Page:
WeTransfer, the Amsterdam-headquartered company that is best known for its file-sharing service, is disclosing a €35 million secondary funding round.
The investment is led by European growth equity firm, HPE Growth, with “significant” participation from existing investor Highland Europe. Being secondary funding — meaning that a number of shareholders have sold all or a portion of their holding — no new money has entered WeTransfer’s balance sheet.
We are also told that Jonne de Leeuw, of HPE, will replace WeTransfer co-founder Nalden on the company’s Supervisory Board. He joins Bas Beerens (founder of WeTransfer), Irena Goldenberg (Highland Europe) and Tony Zappalà (Highland Europe).
The exact financial terms of the secondary funding, including valuation, aren’t being disclosed. However, noteworthy is that WeTransfer says it has been profitable for six years.
“The valuation of the company is not public, but what I can tell you is that it’s definitely up significantly since the Series A in 2015,” WeTransfer CEO Gordon Willoughby tells me. “WeTransfer has become a trusted brand in its space with significant scale. Our transfer service has 50 million users a month across 195 countries, sharing over 1.5 billion files each month.”
In addition to the wildly popular WeTransfer file-sharing service, the company operates a number of other apps and services, some built in-house and others it has acquired. They include content-sharing app Collect (claiming 4 million monthly users), sketching tool Paper (which has had 25 million downloads) and collaborative presentation tool Paste (which claims 40,000 active teams).
“We want to help people work more effectively and deliver more impactful results, with tools that collectively remove friction from every stage of the creative process — from sparking ideas, capturing content, developing and aligning, to delivery,” says Willoughby.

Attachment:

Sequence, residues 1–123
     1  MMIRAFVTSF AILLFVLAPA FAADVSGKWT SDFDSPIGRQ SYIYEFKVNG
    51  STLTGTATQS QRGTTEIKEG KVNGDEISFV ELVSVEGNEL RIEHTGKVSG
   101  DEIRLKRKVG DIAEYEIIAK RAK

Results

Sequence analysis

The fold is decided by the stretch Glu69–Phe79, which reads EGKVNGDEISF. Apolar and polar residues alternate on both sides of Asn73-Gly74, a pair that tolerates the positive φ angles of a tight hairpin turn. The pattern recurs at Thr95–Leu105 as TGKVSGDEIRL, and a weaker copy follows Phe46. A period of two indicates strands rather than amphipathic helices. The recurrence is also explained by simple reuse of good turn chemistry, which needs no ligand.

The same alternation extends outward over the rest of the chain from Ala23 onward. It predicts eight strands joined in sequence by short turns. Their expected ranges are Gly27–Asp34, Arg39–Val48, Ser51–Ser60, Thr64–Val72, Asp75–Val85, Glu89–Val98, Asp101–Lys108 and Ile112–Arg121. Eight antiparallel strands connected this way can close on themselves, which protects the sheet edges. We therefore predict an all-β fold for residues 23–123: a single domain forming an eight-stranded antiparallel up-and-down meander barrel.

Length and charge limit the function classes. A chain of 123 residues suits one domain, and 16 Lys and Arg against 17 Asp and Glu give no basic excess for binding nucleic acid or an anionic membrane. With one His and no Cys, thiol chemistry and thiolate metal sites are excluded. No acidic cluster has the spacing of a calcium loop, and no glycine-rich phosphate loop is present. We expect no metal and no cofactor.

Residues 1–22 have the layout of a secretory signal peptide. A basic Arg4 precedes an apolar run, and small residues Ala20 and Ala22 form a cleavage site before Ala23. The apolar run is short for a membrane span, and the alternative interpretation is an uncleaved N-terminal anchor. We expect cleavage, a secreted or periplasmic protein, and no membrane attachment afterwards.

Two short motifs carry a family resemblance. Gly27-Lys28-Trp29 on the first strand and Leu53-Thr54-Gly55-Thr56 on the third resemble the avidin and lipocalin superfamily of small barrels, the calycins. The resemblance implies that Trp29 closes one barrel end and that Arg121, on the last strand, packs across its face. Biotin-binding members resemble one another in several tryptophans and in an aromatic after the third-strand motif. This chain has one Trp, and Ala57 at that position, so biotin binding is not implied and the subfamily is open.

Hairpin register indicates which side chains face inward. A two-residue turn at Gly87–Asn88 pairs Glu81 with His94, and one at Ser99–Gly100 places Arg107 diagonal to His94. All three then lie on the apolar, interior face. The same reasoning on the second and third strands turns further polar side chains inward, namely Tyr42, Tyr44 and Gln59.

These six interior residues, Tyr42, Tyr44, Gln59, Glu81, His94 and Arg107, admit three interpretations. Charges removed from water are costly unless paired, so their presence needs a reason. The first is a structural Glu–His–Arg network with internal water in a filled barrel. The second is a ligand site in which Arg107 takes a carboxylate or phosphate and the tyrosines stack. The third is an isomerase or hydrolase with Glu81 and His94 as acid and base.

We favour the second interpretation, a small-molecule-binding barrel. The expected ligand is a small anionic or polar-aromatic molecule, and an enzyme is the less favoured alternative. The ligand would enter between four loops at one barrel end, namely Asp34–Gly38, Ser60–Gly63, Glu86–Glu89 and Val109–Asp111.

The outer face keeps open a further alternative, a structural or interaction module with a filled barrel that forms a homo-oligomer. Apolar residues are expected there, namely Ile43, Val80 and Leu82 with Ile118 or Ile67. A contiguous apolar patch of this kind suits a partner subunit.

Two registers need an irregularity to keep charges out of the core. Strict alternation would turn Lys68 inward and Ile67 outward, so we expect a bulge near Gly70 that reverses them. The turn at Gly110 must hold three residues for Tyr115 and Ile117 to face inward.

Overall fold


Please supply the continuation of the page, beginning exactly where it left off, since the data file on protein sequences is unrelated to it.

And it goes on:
“Over the past two years, we’ve been investing heavily in our product development and have grown tremendously following the acquisition of the apps Paper and Paste. This strengthened our product set. Our overarching mission is to become the go-to source for beautiful, intuitive tools that facilitate creativity, rather than distract from it. Of course, our transfer service is still a big piece of that — it’s a brilliantly simple tool that more than 50 million people a month love to use.”
Meanwhile, Willoughby describes WeTransfer’s dual revenue model as “pretty unique.” The company offers a premium subscription service called WeTransfer Plus, and sells advertising in the form of “beautiful” full-screen ads called wallpapers on Wetransfer.com.
“Each piece of creative is fully produced in-house by our creative studio with an uncompromising focus on design and user experience,” explains the WeTransfer CEO. “With full-screen advertising, we find that our users don’t feel they’re simply being sold to. This approach to advertising has been incredibly effective, and our ad performance has far outpaced IAB standards. Our advertising inventory is sought out by brands like Apple, Nike, Balenciaga, Adobe, Squarespace, and Saint Laurent.”
Alongside this, WeTransfer says it allocates up to 30% of its advertising inventory and “billions of impressions” to support and spotlight up-and-coming creatives, and causes, such as spearheading campaigns for social issues.
The company has 185 employees in total, with about 150 in Amsterdam and the rest across its U.S. offices in LA and New York.